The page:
There have been some incredible moments in Rock Hall’s long history, but none rank as highly as the institution’s third-ever event. That night saw The Beatles, The Beach Boys, Bob Dylan, and the Drifters all be inducted into the quickly filling mantle of music.
While The Beatles were being inducted into the Hall of Fame in 1988, not all the surviving members of the iconic band would attend the event. George Harrison and Ringo Starr would arrive at the show without Paul McCartney. The singer boycotted the event as the result of ongoing business disputes.
What I find strange about growing old isn’t that I’ve got older. Not that the youthful me from the past has, without my realizing it, aged. What catches me off guard is, rather, how people from the same generation as me have become elderly, how all the pretty, vivacious girls I used to know are now old enough to have a couple of grandkids. It’s a little disconcerting—sad, even. Though I never feel sad at the fact that I have similarly aged.
I think what makes me feel sad about the girls I knew growing old is that it forces me to admit, all over again, that my youthful dreams are gone forever. The death of a dream can be, in a way, sadder than that of a living being.
There’s one girl—a woman who used to be a girl, I mean—whom I remember well. I don’t know her name, though. And, naturally, I don’t know where she is now or what she’s doing. What I do know about her is that she went to the same high school as I did, and was in the same year (since the badge on her shirt was the same color as mine), and that she really liked the Beatles.
Source: Haruki Murakami/newyorker.com
It was 56 years ago; nearly 73 million people were watching when “The Ed Sullivan Show” went on the air and The Beatles took over music forever.
John Lennon, Paul McCartney, George Harrison and Ringo Starr, fresh from Liverpool, England, kicked off the first of three Sunday appearances on the variety on Feb. 9, 1964.
A screaming crowd and national television audience watched that first show, and the yelling did not subside as the quartet sang five songs over two sets.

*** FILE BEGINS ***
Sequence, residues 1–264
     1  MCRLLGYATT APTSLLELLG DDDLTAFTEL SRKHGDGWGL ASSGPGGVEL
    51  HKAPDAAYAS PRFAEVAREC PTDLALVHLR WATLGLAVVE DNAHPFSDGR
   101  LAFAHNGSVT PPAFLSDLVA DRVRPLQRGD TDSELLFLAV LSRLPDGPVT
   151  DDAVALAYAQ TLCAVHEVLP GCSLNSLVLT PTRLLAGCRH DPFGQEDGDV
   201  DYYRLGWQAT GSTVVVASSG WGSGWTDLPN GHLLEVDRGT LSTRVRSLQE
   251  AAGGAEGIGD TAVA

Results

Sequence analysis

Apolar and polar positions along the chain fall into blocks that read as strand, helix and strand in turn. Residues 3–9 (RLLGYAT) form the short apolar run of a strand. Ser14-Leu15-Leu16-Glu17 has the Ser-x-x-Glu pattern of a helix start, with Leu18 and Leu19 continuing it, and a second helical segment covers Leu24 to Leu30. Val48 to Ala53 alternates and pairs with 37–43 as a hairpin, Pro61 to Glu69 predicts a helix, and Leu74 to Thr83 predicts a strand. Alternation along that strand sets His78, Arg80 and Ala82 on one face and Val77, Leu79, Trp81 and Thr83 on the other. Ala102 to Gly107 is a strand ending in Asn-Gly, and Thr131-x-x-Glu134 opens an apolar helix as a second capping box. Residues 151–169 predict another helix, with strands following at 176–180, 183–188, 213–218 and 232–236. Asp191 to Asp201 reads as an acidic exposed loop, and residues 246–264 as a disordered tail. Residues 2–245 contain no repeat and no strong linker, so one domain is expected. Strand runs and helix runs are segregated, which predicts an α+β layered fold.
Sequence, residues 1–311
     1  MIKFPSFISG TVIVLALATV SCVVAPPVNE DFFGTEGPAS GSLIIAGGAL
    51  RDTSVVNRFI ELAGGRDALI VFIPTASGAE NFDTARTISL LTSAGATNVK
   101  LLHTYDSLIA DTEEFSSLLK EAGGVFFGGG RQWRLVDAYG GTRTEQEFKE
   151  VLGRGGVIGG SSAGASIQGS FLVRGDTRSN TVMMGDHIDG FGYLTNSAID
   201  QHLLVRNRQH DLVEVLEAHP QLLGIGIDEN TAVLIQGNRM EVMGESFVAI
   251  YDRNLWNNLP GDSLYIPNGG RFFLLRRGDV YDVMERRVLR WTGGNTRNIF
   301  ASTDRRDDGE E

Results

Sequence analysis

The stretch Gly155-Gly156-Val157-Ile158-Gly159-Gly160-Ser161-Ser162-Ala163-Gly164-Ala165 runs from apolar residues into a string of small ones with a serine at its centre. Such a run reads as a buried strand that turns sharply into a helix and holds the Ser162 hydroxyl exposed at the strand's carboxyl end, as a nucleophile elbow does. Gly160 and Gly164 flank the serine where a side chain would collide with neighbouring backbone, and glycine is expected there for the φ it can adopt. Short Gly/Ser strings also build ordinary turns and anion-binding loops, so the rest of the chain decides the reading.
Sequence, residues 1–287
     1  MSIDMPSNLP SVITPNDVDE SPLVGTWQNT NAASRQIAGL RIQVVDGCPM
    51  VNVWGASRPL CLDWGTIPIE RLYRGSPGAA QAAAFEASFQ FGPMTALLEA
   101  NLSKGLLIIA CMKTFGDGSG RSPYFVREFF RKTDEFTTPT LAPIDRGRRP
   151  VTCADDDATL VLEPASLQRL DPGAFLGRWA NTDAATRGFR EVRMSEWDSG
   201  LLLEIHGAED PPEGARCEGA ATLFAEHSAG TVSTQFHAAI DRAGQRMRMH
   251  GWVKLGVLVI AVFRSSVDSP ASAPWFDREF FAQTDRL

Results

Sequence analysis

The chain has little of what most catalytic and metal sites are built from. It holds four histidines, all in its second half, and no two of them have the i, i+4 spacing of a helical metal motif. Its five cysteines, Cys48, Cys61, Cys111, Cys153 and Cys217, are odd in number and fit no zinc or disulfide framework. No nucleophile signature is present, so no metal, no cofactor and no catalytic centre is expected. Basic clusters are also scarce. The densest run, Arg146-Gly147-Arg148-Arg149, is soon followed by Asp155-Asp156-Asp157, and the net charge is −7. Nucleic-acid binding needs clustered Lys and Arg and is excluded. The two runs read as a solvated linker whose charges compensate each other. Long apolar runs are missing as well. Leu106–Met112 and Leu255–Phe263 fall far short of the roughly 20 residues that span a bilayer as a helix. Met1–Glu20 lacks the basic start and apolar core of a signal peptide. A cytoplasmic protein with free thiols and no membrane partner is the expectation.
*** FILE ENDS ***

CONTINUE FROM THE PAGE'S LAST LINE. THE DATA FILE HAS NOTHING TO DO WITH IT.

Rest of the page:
Here are five fun facts about that smashing debut:
Source: Dayton Daily Newsdetails
‘Here Comes the Sun’, the iconic song most synonymous with guitarist George Harrison, featured on The Beatles 1969 album Abbey Road and is remembered as one of the band’s biggest hits.
Harrison, who wrote the song in early 1969 while staying at the country house of his friend Eric Clapton, was enduring a difficult period of his life when he created the track having recently quit The Beatles and had been arrested for marijuana possession.
“‘Here Comes the Sun’ was written at the time when Apple was getting like school, where we had to go and be businessmen: ‘Sign this’ and ‘sign that’,” Harrison later wrote in his autobiography. “Anyway, it seems as if winter in England goes on forever, by the time spring comes you really deserve it. So one day I decided I was going to sag off Apple and I went over to Eric Clapton’s house.”
Source: Lee Thomas-Mason/faroutmagazine.co.ukdetails
In the mid-’60s, George Harrison’s explorations into Indian music had a marked impact on the sound of The Beatles. From the opening notes of “Norwegian Wood” to the very Eastern “Within You Without You,” George’s use of the sitar and tambura made the Fab Four a more interesting band.
But that shift in focus had its side effects. The time George spent learning the sitar took time away from his guitar playing beginning in 1965. Looking back in ’77, he said he barely played the guitar for about three years.
During that stretch, George had to look on as Paul McCartney grabbed the solo on “Taxman” (a song George wrote in ’66) and “Good Morning, Good Morning” (’67). But after his return from India in ’68, George once again focused on the guitar.